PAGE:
“Abuses Of Power Always – Always – Expand Beyond Their Original Application”

Constitutional lawyer Glenn Greenwald writes:

Documents just obtained from the FBI by the Partnership for Civil Justice Fund reveal, as the New York Times put it, that “the [FBI] used counterterrorism agents to investigate the Occupy Wall Street movement, including its communications and planning” and in general show “how deeply involved federal law-enforcement authorities were in monitoring the activities of the movement.” The heavily redacted documents, which can be read here, reveal numerous instances of the FBI collaborating with local police forces and private corporations to monitor and anticipate the acts of the protest movement.

As obviously disturbing as it is, none of this should be surprising. Virtually every seized power justified over the last decade in the name of “terrorism” has been applied to a wide range of domestic dissent. The most significant civil liberties trend of the last decade, in my view, is the importation of War on Terror tactics onto US soil, applied to US citizens – from the sprawling Surveillance State and powers of indefinite detention to the para-militarization of domestic police forces and the rapidly emerging fleet of drones now being deployed in countless ways. As I’ve argued previously, the true purpose of this endless expansion of state power in the name of “terrorism” is control over anticipated domestic protest and unrest.

It should be anything but surprising that the FBI – drowning in counter-terrorism money, power and other resources – will apply the term “terrorism” to any group it dislikes and wants to control and suppress (thus ushering in all of the powers institutionalized against “terrorists”). Those who supported (or acquiesced to) this expansion of unaccountable government power because they assumed it would only be used against Those Muslims not only embraced a morally warped premise (I care about injustices only if they directly affect me), but also a factually false one, since abuses of power always – always – expand beyond their original application.

Mr. Greenwald is correct.

The Federal government is throwing walls of money at internal “terrorism-related” funding, even though the threat of terrorism is absurdly over-hyped (although government support for Al Qaeda and Iranian terrorists – and see this isn’t helping. )

On the other hand, the government is using laws to crush dissent, and it’s gotten so bad that even U.S. Supreme Court justices are saying that we are descending into tyranny.

For example, the following actions may get an American citizen living on U.S. soil labeled as a “suspected terrorist” today:

  • Being young (if you live near a battle zone, you are fair game; and see this)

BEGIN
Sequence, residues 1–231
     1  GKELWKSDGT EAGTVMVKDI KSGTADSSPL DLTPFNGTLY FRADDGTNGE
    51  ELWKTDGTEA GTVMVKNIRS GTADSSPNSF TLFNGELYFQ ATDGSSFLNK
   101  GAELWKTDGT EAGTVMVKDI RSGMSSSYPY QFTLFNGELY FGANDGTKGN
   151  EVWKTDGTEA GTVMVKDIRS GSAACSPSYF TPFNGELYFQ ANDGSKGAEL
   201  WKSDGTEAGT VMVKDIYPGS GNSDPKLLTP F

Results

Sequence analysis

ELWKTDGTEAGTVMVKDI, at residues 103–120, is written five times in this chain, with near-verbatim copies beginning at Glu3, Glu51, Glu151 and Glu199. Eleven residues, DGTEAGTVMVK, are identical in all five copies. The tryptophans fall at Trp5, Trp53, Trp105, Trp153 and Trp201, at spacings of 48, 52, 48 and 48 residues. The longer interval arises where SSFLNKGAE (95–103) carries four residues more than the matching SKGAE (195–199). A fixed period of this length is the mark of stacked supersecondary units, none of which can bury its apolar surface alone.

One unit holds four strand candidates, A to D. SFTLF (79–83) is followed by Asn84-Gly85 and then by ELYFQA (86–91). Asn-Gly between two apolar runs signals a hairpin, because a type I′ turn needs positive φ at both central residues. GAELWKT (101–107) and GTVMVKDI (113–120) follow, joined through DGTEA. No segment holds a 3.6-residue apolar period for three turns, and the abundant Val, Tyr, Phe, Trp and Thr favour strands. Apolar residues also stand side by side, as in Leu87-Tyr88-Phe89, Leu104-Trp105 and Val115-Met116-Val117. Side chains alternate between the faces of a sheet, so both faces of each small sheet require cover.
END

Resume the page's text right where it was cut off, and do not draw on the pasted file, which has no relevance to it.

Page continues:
• Using social media
  • Reporting or doing journalism
  • Speaking out against government policies
  • Protesting anything (such as participating in the “Occupy” movement)
  • Questioning war (even though war reduces our national security; and see this)
  • Criticizing the government’s targeting of innocent civilians with drones (although killing innocent civilians with drones is one of the main things which increases terrorism. And see this)
  • Asking questions about pollution (even at a public Congressional hearing?)
  • Paying cash at an Internet cafe
  • Asking questions about Wall Street shenanigans
  • Holding gold
  • Creating alternative currencies
  • Stocking up on more than 7 days of food (even though all Mormons are taught to stockpile food, and most Hawaiians store up on extra food)
  • Having bumper stickers saying things like “Know Your Rights Or Lose Them”
  • Investigating factory farming
  • Infringing a copyright
  • Taking pictures or videos
  • Talking to police officers
  • Wearing a hoodie
  • Driving a van
  • Writing on a piece of paper
  • (Not having a Facebook account may soon be added)

And holding the following beliefs may also be considered grounds for suspected terrorism:

  • Being frustrated with “mainstream ideologies”
  • Valuing online privacy
  • Supporting Ron Paul or being a libertarian
  • Liking the Founding Fathers
  • Being a Christian
  • Being anti-tax, anti-regulation or for the gold standard
  • Being “reverent of individual liberty”
  • Being “anti-nuclear”
  • “Believe in conspiracy theories”
  • “A belief that one’s personal and/or national “way of life” is under attack”
  • “Impose strict religious tenets or laws on society (fundamentalists)”
  • “Insert religion into the political sphere”
  • “Those who seek to politicize religion”
  • “Supported political movements for autonomy”
  • Being “anti-abortion”
  • Being “anti-Catholic”
  • Being “anti-global”
  • “Suspicious of centralized federal authority”
  • “Fiercely nationalistic (as opposed to universal and international in orientation)”
  • “A belief in the need to be prepared for an attack either by participating in … survivalism”
  • Opposing genetically engineered food
  • Opposing surveillance

As people learned in Nazi Germany, staying silent when “other” types of people are deprived of their rights only ensures that others will not lift a finger for us when repressive authorities take away our rights.

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